Shortlisted for the Man Booker Prize in 2018 and winner of the Pulitzer Prize for Fiction, ‘The Overstory’ by Richard Powers brings together nine stories in which the characters grow to realise the extent of the ecological crisis, particularly where trees are concerned. It is difficult to elaborate further on the plot in which the structural concept is, according to the blurb, based around “concentric rings of interlocking fable” which sees the various strands gradually become interlinked. The diverse cast of characters includes a war veteran, a biologist, a childless married couple and a college student who has a near-death experience. The first part ‘Roots’ reads more like a collection of short stories in which trees feature in one way or another. However, links between the characters start to emerge in the second part ‘Trunk’ and the narrative finally starts to read more like a novel.
It is fairly rare for me to not finish a book when I have read a substantial amount of it, but I reached 60% of ‘The Overstory’ on my Kindle before deciding I didn’t really need to read any further. Certain characters and storylines didn’t add much to the central point being made, particularly Neelay the paraplegic computer game developer. Even though Powers is very good at covering a large amount of family backstory for each main character, at over 500 pages, it is much longer than it needs to be. A more pared down version dropping some of the less essential plot strands would have got the central message across without so much signposting of key themes and important topical issues, especially when the book will most likely be read by those who are already converted to the cause.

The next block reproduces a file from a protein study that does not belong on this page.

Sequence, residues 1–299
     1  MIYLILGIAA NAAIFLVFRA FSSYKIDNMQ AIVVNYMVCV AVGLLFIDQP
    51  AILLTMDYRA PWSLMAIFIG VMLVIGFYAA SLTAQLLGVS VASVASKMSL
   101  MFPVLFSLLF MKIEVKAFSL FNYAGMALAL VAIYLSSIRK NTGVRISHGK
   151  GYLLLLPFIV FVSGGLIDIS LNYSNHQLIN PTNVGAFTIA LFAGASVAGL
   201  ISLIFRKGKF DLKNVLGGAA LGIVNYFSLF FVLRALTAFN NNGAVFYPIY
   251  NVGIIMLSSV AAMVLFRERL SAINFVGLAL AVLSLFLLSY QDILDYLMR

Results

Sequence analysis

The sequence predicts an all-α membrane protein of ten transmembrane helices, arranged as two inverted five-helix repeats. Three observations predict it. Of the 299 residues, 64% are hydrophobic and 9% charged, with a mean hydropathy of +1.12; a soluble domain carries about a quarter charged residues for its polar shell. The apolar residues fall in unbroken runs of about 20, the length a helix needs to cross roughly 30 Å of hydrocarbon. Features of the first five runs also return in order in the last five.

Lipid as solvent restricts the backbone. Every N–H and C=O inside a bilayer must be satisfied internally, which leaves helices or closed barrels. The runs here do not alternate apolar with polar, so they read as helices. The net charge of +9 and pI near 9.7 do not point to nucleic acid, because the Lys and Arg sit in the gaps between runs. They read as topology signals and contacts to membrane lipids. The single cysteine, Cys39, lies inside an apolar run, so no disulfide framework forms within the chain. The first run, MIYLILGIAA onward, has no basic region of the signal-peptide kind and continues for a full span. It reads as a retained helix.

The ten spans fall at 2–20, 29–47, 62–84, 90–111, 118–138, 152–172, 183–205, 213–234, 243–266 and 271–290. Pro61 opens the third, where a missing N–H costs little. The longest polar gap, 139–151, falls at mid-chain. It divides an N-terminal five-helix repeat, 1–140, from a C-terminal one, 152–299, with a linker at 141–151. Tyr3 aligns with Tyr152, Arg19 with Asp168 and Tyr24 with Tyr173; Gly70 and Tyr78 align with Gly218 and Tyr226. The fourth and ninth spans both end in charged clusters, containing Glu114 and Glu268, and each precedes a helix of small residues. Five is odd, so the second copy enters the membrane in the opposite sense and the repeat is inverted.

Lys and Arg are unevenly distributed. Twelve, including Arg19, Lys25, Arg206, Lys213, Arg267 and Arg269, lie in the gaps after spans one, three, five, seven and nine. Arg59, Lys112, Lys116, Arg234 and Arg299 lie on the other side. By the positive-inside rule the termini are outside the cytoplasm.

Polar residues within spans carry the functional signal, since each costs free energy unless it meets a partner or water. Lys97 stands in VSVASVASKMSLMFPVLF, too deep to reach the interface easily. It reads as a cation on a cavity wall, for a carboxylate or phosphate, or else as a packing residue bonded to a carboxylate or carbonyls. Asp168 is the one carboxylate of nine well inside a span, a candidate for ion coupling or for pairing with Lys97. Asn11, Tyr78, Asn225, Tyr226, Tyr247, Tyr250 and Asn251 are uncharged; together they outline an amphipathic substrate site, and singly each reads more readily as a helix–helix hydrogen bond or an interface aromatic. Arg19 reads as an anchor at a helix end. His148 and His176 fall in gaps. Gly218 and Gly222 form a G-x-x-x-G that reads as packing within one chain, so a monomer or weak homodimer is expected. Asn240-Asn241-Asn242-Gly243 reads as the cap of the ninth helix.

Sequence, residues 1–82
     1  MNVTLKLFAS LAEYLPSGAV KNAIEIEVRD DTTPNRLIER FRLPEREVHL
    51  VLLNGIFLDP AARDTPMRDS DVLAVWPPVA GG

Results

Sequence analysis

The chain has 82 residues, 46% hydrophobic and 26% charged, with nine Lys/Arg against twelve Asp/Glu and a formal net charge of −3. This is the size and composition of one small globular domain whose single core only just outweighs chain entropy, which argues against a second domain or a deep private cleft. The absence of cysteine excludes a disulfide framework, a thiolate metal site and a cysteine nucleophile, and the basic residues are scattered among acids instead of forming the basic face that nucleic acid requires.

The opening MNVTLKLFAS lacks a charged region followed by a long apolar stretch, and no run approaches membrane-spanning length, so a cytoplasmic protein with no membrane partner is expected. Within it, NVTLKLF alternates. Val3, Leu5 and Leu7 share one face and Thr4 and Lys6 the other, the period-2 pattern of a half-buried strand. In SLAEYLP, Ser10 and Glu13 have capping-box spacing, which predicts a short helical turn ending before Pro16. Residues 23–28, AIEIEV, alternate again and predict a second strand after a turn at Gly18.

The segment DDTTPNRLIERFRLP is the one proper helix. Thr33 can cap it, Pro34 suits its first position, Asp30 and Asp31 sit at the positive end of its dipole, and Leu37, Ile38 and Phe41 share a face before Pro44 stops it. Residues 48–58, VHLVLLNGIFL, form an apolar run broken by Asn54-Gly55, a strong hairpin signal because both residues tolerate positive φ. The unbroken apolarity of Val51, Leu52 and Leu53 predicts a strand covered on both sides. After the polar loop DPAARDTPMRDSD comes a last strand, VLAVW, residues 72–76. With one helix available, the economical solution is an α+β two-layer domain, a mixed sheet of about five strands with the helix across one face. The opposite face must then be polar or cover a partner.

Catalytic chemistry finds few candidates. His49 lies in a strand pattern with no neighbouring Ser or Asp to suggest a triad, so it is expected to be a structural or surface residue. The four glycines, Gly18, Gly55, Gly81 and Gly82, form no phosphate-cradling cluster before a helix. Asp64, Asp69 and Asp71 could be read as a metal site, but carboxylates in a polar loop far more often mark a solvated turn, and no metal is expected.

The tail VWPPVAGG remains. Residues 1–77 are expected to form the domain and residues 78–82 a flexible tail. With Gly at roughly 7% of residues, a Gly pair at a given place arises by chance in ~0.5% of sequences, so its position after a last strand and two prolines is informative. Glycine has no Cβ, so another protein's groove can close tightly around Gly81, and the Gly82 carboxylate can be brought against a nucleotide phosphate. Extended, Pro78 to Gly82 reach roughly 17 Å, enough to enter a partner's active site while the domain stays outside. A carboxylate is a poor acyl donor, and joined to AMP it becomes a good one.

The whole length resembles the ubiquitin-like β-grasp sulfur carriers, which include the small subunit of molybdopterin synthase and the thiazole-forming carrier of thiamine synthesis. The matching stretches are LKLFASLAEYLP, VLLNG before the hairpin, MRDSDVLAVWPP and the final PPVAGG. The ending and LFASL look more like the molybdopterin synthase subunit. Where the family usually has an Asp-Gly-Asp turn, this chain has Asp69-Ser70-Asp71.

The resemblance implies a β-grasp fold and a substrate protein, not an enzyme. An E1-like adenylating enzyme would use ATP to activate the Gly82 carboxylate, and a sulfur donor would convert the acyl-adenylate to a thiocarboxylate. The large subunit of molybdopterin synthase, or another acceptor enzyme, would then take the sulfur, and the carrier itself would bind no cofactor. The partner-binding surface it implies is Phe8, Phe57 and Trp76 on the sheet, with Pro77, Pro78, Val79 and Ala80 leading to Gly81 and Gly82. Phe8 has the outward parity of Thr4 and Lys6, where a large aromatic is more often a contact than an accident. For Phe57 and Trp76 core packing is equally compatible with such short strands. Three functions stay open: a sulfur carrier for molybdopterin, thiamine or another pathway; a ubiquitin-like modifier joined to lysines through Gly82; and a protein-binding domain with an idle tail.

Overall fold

Overall, I would still recommend ‘The Overstory’ for those who enjoy dense multi-stranded narratives in a similar vein to Cloud Atlas (coincidentally another book I didn’t finish). The prose is very well written and the focus on the natural world with central themes of evolution and sustainability are reminiscent of Barbara Kingsolver’s work. More often than not though, I still tend to struggle with epic-length books where I feel the structure dominates or overpowers the narrative – The Luminaries by Eleanor Catton is another example, although I did enjoy 4 3 2 1 by Paul Auster a lot, probably because it helped that the characters overlapped in the different strands. I would be interested to hear from anyone who finished ‘The Overstory’, and if they believe it is worth persevering to the end.